Thursday, September 23, 2010

Are Stuxnet and Bushehr related?

In August Russia announced it would begin loading nuclear fuel into the Bushehr Nuclear Reactor in Iran, giving Iran its first operational nuclear reactor...and another pathway to obtaining fuel for nuclear weapons. The world watched to see if the U.S. or Israel would attack the reactor before the fuel was loaded. (Once nuclear material was loaded into the reactor any attack would have spread nuclear contamination and brought worldwide condemnation on the attackers.) August 21, the date for loading fuel into the reactor came and went without an attack. Or did it?

In what seemed at first to be a totally unrelated event, a computer virus called Stuxnet surfaced about a year ago. This new malware baffled experts by its sophistication. Reports are now surfacing that it might be the first example of a cyber weapon, a virus designed actually to destroy a facility by directing key equipment to malfunction. Though the virus has infected a number of systems worldwide, these experts believe it was designed to seek out and destroy a specific target, and the target hasn't yet been identified.

Based on places already infected by the virus, it appears the epicenter of the attack is Iran. There is speculation the virus might have been introduced into systems there by one of the Russian contractors building the Bushehr nuclear power plant. How? Possibly by something as simple as planting the virus on a memory stick used by an individual when he came to work on the computer system for the plant.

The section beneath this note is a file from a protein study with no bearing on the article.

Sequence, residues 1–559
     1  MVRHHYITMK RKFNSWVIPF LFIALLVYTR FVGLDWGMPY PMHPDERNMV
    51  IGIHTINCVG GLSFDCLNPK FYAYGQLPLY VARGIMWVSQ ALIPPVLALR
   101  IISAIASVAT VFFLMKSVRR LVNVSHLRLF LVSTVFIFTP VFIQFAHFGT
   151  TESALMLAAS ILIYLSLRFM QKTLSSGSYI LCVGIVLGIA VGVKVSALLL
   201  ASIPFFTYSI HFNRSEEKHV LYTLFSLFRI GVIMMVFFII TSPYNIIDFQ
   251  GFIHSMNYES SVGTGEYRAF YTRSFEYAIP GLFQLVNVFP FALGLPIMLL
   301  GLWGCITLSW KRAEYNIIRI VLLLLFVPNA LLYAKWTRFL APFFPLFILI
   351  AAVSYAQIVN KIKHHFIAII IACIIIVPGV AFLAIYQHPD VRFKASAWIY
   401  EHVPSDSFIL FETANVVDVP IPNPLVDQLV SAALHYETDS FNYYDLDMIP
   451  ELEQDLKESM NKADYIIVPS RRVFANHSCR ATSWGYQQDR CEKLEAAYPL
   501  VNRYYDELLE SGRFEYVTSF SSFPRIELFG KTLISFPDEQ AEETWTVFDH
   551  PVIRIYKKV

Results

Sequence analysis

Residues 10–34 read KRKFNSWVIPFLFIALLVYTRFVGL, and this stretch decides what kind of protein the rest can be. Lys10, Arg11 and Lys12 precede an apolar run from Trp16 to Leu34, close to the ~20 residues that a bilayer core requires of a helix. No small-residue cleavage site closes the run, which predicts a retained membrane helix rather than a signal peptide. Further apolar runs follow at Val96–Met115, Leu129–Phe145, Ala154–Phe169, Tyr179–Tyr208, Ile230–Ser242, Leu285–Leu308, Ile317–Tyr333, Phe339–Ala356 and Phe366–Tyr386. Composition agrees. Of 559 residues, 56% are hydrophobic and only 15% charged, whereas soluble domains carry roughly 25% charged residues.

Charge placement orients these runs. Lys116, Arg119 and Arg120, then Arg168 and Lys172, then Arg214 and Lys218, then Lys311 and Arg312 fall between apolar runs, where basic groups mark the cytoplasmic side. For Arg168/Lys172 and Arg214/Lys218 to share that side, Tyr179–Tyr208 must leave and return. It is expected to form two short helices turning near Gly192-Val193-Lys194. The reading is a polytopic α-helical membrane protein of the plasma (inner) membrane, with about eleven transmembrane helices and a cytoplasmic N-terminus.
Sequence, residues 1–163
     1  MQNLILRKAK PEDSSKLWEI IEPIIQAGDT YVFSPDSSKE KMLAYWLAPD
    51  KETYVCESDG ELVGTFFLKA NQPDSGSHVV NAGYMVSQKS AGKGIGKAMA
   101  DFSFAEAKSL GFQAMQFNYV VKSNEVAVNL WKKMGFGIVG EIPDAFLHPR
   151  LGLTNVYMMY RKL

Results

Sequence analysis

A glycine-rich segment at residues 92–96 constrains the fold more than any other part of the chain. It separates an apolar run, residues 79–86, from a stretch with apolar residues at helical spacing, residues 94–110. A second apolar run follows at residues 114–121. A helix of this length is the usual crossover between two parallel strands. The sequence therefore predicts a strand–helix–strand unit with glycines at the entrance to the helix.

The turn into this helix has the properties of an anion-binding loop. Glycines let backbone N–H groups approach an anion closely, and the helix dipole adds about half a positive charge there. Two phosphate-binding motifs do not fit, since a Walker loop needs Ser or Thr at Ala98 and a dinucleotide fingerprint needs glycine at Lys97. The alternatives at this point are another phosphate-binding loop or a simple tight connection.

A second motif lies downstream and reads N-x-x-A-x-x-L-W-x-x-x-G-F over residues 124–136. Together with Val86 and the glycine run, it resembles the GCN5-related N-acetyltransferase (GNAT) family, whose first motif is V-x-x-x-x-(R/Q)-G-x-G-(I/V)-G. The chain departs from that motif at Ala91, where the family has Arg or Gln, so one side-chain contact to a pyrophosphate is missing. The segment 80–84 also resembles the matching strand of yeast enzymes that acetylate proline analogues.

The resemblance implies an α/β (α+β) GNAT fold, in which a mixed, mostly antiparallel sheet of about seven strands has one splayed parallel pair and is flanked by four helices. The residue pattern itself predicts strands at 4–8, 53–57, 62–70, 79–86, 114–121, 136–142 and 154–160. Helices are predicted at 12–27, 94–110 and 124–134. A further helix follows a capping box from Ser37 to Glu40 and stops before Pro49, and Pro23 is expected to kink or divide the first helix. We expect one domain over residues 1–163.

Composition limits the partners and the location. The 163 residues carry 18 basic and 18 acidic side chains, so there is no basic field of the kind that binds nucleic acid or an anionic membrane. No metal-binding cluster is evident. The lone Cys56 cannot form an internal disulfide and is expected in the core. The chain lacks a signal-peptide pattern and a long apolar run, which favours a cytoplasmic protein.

Someone went to a lot of trouble to design this highly sophisticated computer virus. Two possibilities are the U.S. and Israel. Perhaps Israel didn't need to risk attacking the nuclear plant physically (with the potential loss of pilots and planes) because it had already developed another means of attacking the plant--one that did so from the inside.

One final thought. If this is the first example of a virus being used to physically attack a facility, it will almost certainly not be the last. The United States is also vulnerable to such attacks, perhaps even more so since we are so dependent on computer systems to run virtually all aspects of our life.

Keep watching for news about any possible delays in bringing the Bushehr nuclear power plant fully online...and watch for future reports on "weaponized" computer malware!

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